It is expected that builders might be laid off if demand decreased, but perhaps fewer new-build houses would result in a higher standard of building.

It must be a win, win situation.

William Robotham, Barton, Richmond.

Fair deal for nurses

LAST Saturday we conducted a street survey of the public in Pickering and Thornton Dale. Of those who spoke to us not one supported the government's position on nurses’ pay, not one thought it was right to spend £9bn a year on agency and bank staff and every single one thought the government should negotiate and come up with a fair deal.

In refusing to deal fairly with NHS nurses, the government appears to have a death wish.

It’s as though having given up on winning the next general election as a result of their multiple past failures they no longer care about making further blunders.

Their claim that they are being "reasonable" is patently untrue and is not believed.

Their claim that they have no choice but to implement the Pay Review Board’s recommendations is false and is not believed.

Their claim that the Pay Review Board is independent is belied by the fact that the board members are appointed by the government and that its terms of reference are dictated by the government, including that the board should "consider the financial circumstances of the government" – ie its budget.

This may explain why the government is confronting nurses but is inexcusable. It is our NHS not theirs.

It is the public who cannot afford to pay for private health care who will suffer if the NHS descends into chaos under this government’s stewardship.

Our street survey also showed that the overwhelming majority of Ryedale people do not believe the NHS is safe in the hands of this government.

The only constructive way forward is for the government to shelve the Pay Board’s recommendations and re-enter negotiations with everything on the table.

It is to be hoped that Thirsk and Malton Conservative MP Kevin Hollinrake will put his weight behind the growing clamour for this to happen.

Mick Johnston, Chair of Thirsk and Malton Labour Party.

Tree decorations

WE all are encouraging everyone to plant more trees.

With Christmas coming, councils are putting decorations on our roads and lampposts, why can’t councils decorate trees that are already growing near a lamppost (to get power from them to light up the tree) instead of cutting them down elsewhere.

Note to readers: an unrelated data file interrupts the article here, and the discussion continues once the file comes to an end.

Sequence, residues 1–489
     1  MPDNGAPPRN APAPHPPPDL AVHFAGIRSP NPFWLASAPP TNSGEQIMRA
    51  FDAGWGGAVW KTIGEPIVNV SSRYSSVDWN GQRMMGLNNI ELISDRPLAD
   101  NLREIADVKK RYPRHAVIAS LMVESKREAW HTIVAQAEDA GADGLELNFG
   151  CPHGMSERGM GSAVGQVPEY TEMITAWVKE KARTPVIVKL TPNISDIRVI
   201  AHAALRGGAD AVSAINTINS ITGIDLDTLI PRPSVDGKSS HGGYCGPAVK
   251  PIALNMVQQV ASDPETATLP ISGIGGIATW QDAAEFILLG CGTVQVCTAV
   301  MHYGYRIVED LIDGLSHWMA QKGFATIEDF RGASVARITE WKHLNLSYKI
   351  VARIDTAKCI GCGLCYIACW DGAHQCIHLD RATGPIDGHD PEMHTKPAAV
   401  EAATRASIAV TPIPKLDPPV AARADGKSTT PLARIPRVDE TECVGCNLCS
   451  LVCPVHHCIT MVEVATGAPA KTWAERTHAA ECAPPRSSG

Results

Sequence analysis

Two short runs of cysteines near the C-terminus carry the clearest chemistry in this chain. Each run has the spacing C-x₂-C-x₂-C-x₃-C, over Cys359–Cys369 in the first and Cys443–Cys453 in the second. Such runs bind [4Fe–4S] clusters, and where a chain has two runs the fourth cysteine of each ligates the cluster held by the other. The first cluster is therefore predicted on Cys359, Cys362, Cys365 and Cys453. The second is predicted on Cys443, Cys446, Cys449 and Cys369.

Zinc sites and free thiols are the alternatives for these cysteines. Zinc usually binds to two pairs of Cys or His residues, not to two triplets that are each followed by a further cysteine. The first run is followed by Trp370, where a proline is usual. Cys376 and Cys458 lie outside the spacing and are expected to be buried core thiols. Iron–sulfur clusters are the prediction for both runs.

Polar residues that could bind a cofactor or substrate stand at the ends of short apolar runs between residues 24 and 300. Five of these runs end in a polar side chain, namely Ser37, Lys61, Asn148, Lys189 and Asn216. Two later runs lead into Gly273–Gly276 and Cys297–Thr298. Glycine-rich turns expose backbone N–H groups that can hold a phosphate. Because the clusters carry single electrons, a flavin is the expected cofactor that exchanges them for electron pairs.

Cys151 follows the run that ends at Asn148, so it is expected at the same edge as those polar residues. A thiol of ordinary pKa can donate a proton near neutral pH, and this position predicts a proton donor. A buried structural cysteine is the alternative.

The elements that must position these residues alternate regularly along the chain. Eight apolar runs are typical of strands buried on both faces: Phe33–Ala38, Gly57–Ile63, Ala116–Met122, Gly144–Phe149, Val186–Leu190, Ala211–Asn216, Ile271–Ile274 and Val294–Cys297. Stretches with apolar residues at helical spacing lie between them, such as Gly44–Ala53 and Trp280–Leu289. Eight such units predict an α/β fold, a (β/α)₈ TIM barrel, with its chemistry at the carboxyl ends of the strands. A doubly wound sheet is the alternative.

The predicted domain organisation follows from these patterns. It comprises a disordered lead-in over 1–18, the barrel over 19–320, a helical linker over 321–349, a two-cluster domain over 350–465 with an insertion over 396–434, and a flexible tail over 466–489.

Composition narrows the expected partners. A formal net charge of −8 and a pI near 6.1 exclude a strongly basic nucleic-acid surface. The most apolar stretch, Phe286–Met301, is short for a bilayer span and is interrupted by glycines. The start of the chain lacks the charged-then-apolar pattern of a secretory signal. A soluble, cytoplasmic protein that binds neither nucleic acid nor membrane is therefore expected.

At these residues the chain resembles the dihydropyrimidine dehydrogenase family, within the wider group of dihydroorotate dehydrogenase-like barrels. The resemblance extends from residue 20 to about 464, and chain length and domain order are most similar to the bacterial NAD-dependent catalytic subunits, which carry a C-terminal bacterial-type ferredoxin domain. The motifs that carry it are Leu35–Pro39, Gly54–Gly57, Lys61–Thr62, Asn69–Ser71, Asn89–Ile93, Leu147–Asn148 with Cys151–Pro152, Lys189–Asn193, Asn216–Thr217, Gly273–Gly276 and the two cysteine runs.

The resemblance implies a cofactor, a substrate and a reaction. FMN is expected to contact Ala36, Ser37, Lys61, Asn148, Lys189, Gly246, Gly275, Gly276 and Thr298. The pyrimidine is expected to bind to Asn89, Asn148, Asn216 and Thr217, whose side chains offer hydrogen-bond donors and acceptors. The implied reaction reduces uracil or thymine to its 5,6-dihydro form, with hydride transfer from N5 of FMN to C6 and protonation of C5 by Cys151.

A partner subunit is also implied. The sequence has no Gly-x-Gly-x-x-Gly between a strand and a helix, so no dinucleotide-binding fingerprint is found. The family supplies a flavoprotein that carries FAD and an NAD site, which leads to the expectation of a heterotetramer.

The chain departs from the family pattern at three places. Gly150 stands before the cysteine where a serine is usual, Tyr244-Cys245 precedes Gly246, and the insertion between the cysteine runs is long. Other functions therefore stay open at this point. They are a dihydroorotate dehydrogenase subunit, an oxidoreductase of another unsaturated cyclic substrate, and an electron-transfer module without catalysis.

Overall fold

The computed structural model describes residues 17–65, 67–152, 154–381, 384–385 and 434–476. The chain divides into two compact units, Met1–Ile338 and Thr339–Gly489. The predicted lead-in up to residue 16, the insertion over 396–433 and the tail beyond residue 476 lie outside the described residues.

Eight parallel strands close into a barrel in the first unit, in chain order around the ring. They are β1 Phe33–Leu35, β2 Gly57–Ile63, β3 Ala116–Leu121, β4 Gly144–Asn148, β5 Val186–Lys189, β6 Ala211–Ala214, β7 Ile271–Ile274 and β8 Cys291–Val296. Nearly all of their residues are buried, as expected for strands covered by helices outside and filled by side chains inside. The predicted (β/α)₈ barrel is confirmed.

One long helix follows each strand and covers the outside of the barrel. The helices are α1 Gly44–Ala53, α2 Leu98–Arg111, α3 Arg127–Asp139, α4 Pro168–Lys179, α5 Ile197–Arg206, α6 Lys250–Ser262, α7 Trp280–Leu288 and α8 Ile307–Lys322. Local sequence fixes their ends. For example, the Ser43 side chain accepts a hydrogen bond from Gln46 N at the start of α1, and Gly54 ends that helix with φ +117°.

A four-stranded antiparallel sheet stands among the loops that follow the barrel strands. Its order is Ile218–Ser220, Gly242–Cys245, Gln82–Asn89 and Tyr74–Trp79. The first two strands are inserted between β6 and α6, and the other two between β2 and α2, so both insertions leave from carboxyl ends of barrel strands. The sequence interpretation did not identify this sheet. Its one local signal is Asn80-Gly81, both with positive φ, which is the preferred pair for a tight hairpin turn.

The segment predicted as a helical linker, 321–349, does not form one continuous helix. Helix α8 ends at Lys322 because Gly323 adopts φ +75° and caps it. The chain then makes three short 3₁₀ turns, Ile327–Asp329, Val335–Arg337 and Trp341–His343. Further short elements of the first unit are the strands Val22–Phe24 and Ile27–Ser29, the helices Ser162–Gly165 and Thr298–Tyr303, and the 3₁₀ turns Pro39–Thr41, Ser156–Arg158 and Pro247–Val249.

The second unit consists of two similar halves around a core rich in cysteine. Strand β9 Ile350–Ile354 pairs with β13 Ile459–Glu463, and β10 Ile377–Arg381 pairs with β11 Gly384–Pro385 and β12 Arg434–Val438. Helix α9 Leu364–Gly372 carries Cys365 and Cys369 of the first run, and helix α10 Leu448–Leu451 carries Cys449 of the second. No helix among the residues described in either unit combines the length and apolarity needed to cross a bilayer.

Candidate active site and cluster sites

It would save on trees being felled, then throwing them away maybe a couple of weeks later which is just a waste.

Villages always have one growing, maybe on the green in the centre, they also could be lit up.

Mrs S Frank, Castlevington, Yarm.

Council pay-offs

IN view of the furore raised when Hambleton Council proposed a grotesque sum of money (£770,000) to be shared between four departing officers, many other councillors and the public were horrified.

If these payments have to be paid can I suggest two ways to try and save some of this money.

Firstly, none of this money is paid out until the officers reach the pensionable age of 65, this will allow the council to keep incurring some interest on this large sum of money.

Secondly a large proportion of this should be held back, in case any of the officers take on paid consulting works, advisory works or full time work. All the monies earned could then be deducted from the balance in hand.

They can’t have it both ways.

Derek R Lawton, West Rounton, Northallerton.

Channel hopping

IN these stringent times all sections of the population seem to be affected, but a simple tightening of the belt is not an option for some of us.

There is a large section of society who are single pensioners with only the state pension to rely upon.

For them it is, we are told, a case of “heat or eat”.

One solution for their unenviable position would be for them to do some simple “crowd funding”, amongst relatives and friends and raise enough money for a ferry ticket to France.

Once there they could make for the beaches and return to the promised land across the English Channel, in a rubber dinghy.

They would, in all probability be apprehended mid-Channel by the border force, who would wrap them in a thermal blanket and bring them safely to our shores.

Upon arrival they would have a brief interrogation then be taken to a comfortable and warm hotel, given three hot meals a day and, believe it or not – spending money.

It would be really heart-warming to see these people, largely good citizens who have paid all their taxes and brought up families, enjoying some of the British taxpayers' largesse.

Max Hardcastle, Harmby, Leyburn.

True Christmas

I AM saddened as I shop around the towns. The lights, the decorations, the Christmas trees, are all lovely, but where is the display of the true meaning of the season? The Nativity?

There is no Christmas without the birth of a baby born in a stable over 2,000 years ago.

I hope councils will in the future think about that.

Mrs P Stewart, Stockton.

World Cup final

GARY LINEKER and his crew were keen to label the prolonged struggle between Argentina and France on Sunday as the best World Cup final ever.

Yes, it was exciting, but not as dramatic or conclusive as England’s titanic struggle with West Germany in 1966. I say this for three reasons:

1. France never overcame Argentina’s initial advantage, whilst England levelled with Germany, went ahead, suffered a further setback, and then came out victors by two clear goals.

2. Both finals saw hat-tricks: by Geoff Hurst in 1966 and Kylian Mbappé in 2022. But, whilst Hurst gloriously scored all three in open play, two of the Frenchman’s were from the spot.

3. Most important: whilst the Qatar final had to be settled via a penalty shoot-out (never a satisfactory resolution), England defeated Germany decisively in extra time.

Steve Kay, deputy leader, Redcar & Cleveland Borough Council.